Then, and this is for any type of death, it depends on the relationship to the deceased / survivors. For example:

  • A reference to a personal memory about the deceased: “[Alan] had such talents for friendships and cooking.   I am going to miss his ‘Garner’s Gourmet Gatherings.’” or
  • An offer to help the surviving family members: “I have some vacation time coming up at work, so let me know if I can be of any help with getting your dad’s house cleaned out; I know we’ve often kidded about what a daunting task that would be.”

About the best advice I can give is this: write from your heart. Several years back my sister-in-law started using the phrase “in was on my heart” to do such-and-such. And you know what, it never seems to fail that whatever her heart leads her to do or say pretty much came out to be the right thing. So I’ve tried to adopt that attitude as well. Just trust your heart/gut. Sure, you can search the Internet for the right phrasing, and there are plenty of sites out there to help (I’ll even do a future post with some of my favorite quotations for sympathy cards), but they don’t know the deceased like you do, or know the relationship you have with the surviving family members like you do. Use this knowledge to select the most appropriate phrases, or forge your own path and write what your heart tells you to say.



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What to Say in a Sympathy Card After a Pet Dies

“… what we have enjoyed, we can never lose … all that we love deeply becomes a part of us.” ~Helen Keller

Jaworksi and Virginia around 2008

Jaworski and Virginia, ca. 2008

The last month has been a little bit rough for me because my cat Virginia has been having some health problems. She will be 18 in August, so it’s not that it’s surprising that she’s in failing health, but she’s experiencing pretty much the same symptoms (and same condition) that my other elderly cat, Jaworski, succumbed to last year. As Yogi Berra would say, “It’s déjà vu all over again.”

So I pretty much know what the eventual outcome of all this will be. The only question is when. I don’t mean to be morbid here, just realistic. I’d rather write this now, while I still have her company to enjoy – and she still is the sweetest little cat I know. OK, I must confess, when she jumps on my head at 3 a.m. and starts chewing on my hair because she wants breakfast, I do have other feelings towards her. But aside from that, I am so thankful that, when I naïvely went to a rescue group on a New Year’s Day so long ago, not really knowing what to look for in a cat, that they handed me Virginia and Jaworski and said, “here, they’re ready to be adopted.”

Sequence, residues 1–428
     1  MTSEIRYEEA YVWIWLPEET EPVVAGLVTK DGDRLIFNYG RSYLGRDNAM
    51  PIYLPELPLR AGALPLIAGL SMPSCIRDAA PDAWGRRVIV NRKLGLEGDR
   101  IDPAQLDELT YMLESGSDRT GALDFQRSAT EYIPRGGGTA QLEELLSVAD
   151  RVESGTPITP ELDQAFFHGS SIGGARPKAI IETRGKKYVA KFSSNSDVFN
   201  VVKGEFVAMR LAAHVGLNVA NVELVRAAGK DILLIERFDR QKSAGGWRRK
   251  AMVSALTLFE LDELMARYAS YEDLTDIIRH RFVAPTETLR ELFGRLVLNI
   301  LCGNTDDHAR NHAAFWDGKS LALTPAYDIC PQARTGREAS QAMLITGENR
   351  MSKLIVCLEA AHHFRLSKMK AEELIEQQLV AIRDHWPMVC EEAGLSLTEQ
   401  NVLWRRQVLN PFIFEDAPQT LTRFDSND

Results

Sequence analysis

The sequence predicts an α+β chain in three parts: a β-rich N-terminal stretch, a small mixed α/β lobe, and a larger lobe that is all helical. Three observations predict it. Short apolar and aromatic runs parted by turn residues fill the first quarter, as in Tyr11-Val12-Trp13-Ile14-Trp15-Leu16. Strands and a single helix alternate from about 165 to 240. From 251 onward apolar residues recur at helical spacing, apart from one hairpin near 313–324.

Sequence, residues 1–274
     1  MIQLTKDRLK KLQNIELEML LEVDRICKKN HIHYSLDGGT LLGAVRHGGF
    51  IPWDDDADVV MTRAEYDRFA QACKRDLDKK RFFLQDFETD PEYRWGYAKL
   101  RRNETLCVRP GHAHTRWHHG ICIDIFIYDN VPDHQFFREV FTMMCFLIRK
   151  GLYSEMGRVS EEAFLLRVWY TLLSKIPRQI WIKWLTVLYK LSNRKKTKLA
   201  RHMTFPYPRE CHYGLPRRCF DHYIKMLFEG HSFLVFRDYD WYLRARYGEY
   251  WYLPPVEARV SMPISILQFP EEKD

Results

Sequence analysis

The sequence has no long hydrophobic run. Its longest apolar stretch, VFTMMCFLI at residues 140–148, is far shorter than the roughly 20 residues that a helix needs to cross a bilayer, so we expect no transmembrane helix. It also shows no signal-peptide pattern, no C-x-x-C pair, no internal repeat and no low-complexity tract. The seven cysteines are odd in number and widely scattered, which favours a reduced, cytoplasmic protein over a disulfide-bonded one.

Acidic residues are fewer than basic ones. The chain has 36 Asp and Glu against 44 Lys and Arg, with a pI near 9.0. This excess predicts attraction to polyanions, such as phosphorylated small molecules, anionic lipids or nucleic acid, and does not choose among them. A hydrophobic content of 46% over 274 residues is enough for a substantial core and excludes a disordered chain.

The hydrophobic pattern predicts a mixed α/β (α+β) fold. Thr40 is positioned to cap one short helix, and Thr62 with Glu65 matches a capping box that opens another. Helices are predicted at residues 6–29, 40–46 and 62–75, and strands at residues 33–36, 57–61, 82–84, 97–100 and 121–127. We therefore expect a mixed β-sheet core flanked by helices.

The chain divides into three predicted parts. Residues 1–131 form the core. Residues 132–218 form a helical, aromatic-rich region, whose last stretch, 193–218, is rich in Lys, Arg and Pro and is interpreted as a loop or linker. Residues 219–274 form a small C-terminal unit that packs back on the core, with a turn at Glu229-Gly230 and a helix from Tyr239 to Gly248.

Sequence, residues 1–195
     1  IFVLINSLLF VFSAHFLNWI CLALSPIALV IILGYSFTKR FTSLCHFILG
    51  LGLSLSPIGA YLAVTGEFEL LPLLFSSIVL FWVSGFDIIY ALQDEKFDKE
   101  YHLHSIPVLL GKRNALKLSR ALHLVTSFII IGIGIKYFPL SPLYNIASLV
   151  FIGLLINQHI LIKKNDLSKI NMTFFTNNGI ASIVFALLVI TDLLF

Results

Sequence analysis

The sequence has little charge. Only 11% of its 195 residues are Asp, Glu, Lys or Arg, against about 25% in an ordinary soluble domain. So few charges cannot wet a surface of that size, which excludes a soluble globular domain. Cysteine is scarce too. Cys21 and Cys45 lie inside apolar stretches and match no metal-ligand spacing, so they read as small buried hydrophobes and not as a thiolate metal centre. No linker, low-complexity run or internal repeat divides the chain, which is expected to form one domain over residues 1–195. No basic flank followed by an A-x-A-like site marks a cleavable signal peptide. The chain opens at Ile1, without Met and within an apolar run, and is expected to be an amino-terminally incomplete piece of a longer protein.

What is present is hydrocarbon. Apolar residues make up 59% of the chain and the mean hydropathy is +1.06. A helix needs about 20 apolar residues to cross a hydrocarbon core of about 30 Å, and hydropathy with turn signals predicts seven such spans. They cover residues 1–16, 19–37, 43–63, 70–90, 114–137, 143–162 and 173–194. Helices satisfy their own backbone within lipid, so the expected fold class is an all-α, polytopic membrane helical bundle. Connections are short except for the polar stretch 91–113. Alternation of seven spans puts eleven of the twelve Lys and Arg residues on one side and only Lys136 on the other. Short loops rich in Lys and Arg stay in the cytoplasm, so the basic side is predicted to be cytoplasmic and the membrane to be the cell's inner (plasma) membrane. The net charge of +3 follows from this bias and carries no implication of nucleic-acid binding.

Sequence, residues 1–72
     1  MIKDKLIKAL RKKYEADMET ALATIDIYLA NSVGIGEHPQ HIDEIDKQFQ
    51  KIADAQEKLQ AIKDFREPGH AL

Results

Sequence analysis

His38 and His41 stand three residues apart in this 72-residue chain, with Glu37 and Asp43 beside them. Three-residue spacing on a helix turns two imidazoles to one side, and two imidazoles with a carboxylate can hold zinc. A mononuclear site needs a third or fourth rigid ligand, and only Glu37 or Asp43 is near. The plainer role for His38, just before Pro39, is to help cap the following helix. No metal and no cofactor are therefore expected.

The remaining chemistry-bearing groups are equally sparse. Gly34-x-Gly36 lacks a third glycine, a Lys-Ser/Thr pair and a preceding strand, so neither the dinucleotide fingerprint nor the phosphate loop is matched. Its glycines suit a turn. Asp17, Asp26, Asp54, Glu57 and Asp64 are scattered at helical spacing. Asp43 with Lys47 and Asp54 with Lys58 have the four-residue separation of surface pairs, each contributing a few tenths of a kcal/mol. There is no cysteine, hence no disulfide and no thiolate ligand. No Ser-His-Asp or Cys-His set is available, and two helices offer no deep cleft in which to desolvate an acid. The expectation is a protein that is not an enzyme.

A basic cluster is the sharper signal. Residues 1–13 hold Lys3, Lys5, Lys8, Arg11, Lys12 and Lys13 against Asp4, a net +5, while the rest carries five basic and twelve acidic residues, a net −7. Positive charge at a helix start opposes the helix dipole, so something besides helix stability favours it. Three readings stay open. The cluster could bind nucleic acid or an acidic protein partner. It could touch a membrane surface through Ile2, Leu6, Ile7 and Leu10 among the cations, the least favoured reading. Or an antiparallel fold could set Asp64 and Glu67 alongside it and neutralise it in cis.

Virginia, June 2014

Virginia, June 2014

So what do you do when someone you know loses a pet? I know some people, particularly those who have never owned pets, may not really “get” how very important these companions can be in the lives of their pet parents. They may think or say things like, “they’re just animals, it’s not like they’re humans.” (I know, I’ve had someone say this to me.) And maybe that’s true for some owners. Maybe for them, the pet / person bond isn’t as strong as that between people. I think that may be true particularly in busy households where the pet, unfortunately, almost becomes an afterthought.

But for me, and most other pet owners I know, the connection is very strong. Call them what you will, fur babies, four-footed children, or simply faithful companions, but there is no denying that their passing always leaves a big hole in their owners’ hearts. Sending a card to let your family member or friend know you sympathize with their loss will acknowledge their grief – a grief some in our society will scoff at – and help them with the healing process.

Ah, now the tough part……what to say……. Here are some ideas:

  1. Just let them know they are in your thoughts at this time and that you understand their need to grieve: “Keeping you close to my heart at this difficult time”, “I know how much you’ll miss having [Fluffy] as part of your life”
  2. Being a pet parent is a big responsibility – and in many ways thankless. Particularly if the pet was an adopted rescue or stray, remind them what a difference they made in the life of their friend: “[Spot] couldn’t have asked for a better forever home.”
  3. If you knew the pet personally, make reference to a good memory about them: “I smile every time I think of how loudly [Patches] snored. He was such a content kitty.”
  4. If you’re totally at a loss for words, you can add a quote to the card (like the one I used at the start of this post) or a Bible passage, such as Psalms 22:24 (For he has not despised or disdained the suffering of the afflicted one; he has not hidden his face from him but has listened to his cry for help).   And, while your pet parent friend has probably already heard it, the Rainbow Bridge poem may be appropriate to share with them as well.

If you are reading this post in anticipation of sending a sympathy card to someone who has just lost a pet, I’m hoping this paragraph is unnecessary, but I’ll add it just in case.  As for what not to say, just use some common sense.  For example, don’t suggest that getting a replacement will help them heal.  You certainly wouldn’t say that to someone who had just lost their spouse!  Besides, there is no “replacement” for a pet.  There may be other pets, but one can never take the place of another.

OK, enough on this sad subject.  I promise, next post will be cheery!